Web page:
1. Non biodegradable – every piece of  polyester that has ever been produced  is still there on our planet today. 150 billion new pieces of clothing being added. That’s a lot of plastic not going away
  2. Microplastics in our oceans and food. When you wash polyester micro plastics enter the water systems. Fish consume it and we consume fish. Recent study in fish markets – 1 in 4 fish contain these microplastics
  3. Non breathable – have u noticed u have been sweating more . this is not a coincidence. Polyester is non breathable. Heat trapped in body and you sweat more
  4. Energy intensive – polyester is extremely energy intensive to create.

The clothing industry is responsible for  10% of carbon output of the world. To put into perspective it is 5 times more carbon output than all airline travel combined.

 

The garment lifecycle below explains the steps a piece of clothes moves through from seed to grave. 

Fibre 
The use of environmentally friendly materials e.g., bamboo, hemp, organic cotton. Also, garments made from one fibre (e.g., 100% organic cotton) can be respun into fibres again at the end of use. Alternatively, look for blends that use organic textiles.

Use Phase 
Take good care of your  clothes. They really don’t enjoy places like the floor, really hot washing machines and sitting in the sun for days.

Textile Production 
Employing energy and water efficient processes for dyes and finishes – or use natural dyes.

Distribution 
Minimising travel for the garment – importing and exporting around the world doesn’t leave a friendly carbon foot-print. Support locally made garments. 

Production 
Minimal waste in the production process and ensuring safe, clean working conditions for workers – as well as fair wages.

 Design 
Designing for dis-assembly so that clothes can be taken apart and re-introduced into the garment life-cycle. Designed with ‘no waste’. Using quality fabric will help them live longer.

 Retail 
Reusing, re-assembling, up-cycling, op-shopping, vintage and even raiding your friends’ wardrobes!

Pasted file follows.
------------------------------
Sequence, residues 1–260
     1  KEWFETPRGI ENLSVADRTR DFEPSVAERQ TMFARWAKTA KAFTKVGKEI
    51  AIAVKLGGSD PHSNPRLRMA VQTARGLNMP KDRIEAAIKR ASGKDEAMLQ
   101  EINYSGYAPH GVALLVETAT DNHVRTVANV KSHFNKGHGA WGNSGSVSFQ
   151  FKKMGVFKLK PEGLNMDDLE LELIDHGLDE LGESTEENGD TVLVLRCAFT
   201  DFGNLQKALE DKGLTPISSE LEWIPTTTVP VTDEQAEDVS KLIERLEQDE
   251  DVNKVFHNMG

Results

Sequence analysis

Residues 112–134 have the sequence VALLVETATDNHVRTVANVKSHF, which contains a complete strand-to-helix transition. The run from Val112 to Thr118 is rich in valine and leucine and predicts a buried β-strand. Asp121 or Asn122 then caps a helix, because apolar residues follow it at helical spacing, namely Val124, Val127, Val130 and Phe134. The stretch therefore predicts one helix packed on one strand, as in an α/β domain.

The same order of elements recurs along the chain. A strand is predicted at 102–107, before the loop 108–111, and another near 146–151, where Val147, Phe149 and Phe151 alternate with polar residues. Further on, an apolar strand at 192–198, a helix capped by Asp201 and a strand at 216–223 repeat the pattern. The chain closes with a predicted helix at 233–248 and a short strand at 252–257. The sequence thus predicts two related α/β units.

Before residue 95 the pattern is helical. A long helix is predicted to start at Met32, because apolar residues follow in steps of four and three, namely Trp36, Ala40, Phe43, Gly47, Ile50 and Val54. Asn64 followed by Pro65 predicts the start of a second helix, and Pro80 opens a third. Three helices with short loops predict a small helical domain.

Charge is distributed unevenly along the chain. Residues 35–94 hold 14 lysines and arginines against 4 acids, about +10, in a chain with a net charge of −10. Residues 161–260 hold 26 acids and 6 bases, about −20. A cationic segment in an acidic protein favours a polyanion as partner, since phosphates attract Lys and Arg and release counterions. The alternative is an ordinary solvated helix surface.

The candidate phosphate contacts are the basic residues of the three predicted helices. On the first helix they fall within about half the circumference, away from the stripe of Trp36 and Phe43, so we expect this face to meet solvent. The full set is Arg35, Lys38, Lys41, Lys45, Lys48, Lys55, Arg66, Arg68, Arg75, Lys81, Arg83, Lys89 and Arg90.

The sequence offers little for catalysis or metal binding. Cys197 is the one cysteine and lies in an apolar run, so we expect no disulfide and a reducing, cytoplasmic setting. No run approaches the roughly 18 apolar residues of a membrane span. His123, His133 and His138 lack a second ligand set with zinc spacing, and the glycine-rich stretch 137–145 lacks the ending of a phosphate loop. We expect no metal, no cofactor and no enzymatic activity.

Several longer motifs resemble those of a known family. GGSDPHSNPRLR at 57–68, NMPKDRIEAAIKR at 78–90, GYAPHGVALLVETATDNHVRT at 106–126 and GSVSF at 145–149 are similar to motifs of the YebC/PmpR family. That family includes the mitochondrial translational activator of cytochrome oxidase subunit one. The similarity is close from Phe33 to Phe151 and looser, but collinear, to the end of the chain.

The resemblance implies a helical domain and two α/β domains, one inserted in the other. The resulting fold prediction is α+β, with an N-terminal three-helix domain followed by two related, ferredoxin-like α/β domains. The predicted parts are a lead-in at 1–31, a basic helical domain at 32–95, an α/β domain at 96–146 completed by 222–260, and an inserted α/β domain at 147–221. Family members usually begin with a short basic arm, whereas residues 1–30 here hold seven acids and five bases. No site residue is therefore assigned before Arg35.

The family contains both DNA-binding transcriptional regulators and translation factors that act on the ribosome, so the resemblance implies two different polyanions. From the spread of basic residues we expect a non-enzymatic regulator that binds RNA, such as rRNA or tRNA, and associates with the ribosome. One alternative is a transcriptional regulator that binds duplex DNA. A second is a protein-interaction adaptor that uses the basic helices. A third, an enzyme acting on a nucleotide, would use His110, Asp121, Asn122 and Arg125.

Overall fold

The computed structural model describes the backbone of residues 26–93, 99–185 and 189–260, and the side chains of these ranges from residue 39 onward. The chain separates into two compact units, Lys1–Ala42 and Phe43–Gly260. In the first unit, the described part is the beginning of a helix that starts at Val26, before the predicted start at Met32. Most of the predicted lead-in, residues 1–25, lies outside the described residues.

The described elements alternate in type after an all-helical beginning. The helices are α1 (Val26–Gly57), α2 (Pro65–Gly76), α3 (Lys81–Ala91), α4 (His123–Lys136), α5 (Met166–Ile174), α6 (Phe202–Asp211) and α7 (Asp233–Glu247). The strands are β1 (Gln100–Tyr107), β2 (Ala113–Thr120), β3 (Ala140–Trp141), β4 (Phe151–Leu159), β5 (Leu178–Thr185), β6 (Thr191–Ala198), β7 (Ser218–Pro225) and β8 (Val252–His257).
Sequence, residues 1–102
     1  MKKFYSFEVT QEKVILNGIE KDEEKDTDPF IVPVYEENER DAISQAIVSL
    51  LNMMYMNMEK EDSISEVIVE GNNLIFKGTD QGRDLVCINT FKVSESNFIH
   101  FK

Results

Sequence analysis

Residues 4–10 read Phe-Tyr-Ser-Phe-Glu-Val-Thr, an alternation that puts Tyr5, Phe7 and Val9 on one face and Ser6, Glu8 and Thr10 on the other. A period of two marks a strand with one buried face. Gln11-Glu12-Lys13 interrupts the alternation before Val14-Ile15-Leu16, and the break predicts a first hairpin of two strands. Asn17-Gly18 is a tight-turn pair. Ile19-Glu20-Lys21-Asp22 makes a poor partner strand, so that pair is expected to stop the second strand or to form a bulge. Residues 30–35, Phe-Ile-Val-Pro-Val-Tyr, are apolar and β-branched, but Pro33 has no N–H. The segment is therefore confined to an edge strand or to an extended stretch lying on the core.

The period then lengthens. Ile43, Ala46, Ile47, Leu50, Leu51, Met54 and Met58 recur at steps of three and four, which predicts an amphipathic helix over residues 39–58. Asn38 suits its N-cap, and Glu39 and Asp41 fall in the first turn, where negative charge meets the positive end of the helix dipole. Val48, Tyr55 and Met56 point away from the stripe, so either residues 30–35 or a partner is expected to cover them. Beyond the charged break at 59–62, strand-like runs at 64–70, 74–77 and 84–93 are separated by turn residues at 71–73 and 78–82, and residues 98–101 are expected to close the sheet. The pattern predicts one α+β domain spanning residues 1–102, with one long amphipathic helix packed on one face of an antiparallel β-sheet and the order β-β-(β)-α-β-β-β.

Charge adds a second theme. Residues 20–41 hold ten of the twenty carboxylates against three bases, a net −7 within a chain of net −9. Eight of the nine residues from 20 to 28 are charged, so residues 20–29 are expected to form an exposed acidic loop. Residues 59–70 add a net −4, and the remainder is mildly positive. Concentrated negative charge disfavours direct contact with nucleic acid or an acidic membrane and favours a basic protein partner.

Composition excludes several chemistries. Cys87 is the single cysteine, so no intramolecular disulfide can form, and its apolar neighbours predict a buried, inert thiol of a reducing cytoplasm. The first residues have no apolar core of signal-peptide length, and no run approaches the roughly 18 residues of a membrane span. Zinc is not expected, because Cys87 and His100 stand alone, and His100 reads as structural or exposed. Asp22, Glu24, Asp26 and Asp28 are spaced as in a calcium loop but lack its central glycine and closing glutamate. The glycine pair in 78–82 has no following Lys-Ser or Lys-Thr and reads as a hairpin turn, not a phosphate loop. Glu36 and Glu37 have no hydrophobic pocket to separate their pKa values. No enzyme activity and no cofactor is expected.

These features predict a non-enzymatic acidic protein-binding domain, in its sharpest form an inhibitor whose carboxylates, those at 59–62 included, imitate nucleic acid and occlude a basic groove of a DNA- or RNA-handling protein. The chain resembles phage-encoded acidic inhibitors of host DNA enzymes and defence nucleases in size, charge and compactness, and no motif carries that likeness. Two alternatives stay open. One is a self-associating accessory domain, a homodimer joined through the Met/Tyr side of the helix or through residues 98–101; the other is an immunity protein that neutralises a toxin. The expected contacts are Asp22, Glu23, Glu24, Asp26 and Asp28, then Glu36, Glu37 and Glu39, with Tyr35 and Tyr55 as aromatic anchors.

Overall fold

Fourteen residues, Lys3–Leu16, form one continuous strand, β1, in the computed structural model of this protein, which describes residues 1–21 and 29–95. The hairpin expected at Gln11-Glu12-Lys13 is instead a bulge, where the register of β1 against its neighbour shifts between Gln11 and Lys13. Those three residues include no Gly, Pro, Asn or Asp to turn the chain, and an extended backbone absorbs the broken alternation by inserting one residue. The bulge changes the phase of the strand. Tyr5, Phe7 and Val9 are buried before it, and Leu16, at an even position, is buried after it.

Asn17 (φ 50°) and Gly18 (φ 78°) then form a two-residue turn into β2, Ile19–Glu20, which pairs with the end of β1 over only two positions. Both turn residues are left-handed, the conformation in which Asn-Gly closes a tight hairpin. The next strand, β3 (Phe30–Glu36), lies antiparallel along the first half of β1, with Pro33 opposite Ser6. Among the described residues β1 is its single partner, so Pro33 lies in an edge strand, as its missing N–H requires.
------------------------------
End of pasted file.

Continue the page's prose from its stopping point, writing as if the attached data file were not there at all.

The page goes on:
Grave 
Minimise load on landfills by using biodegradable products.

Who

  • 1 in 6 people around the world work in apparel industry. 80% are women and 98% not getting decent wage – they are locked in poverty
  • No one is really winning in supply and value chain except for CEOs of fast fashion companies.  Perhaps not even us – citizen consumers.

 

Points to ponder

  • Fashion is a trillion dollar industry - Fashion is the world’s most polluting industry
  • Use of water – a 5$ tshirt uses 1000l of water to survive a few washes
  • Cotton is the 2nd most polluting crop due to use of pesticides.
  • The social aspect of exploiting human labour globally
  • We aredrowning in textiles. Sales have increased dramatically in the last 20 years. Do you know that you have 4 times the no of clothes than your parents.
  • More isn’t always more. In the 60s we invested in 25 pieces of clothing – they were investments 10% of salary. Today it is less than 2 %
  • Trade barriers came down brands moved production overseas. Created trend for cheaper clothing and it was somehow more comfortable so we bought more.

 

Room for improvement

  • Fashion is very much about self not outside clothing. Think what we are wearing and why, Where they come from, where made who, Why u bought it?
  • Clothes are a significant part of our lives and we take them for granted.
  • We put them so close to our skin without realising the bigger part of our heritage.
  • It matters what I do in life, How i think act and present my perspective to the outside world. Inactivity silences carelessness,  not God

 

Little things matter

  • The fashion industry has the capability to influence thinking, it is aspirational. It creates a desire to want something more, a  new cut, fit, brand. It is not only the largest but also the most powerful. Fashion makes us look good , how it makes us feel is a conscious choice
  • How we consume, what we buy and how we get rid of it. Technology innovation and creativity to make an impact
  • The right fit in a sustainably produced manner.  - You and I,  and everyone around us makes a pivotal choice to make this happen
  • We as consumers start asking questions - where is it made what is it made of – the industry will listen. Kick start a conscious changebecause it makes a difference - So many great new fibres out there
  • While tailoring we generally waste about 30%  - change that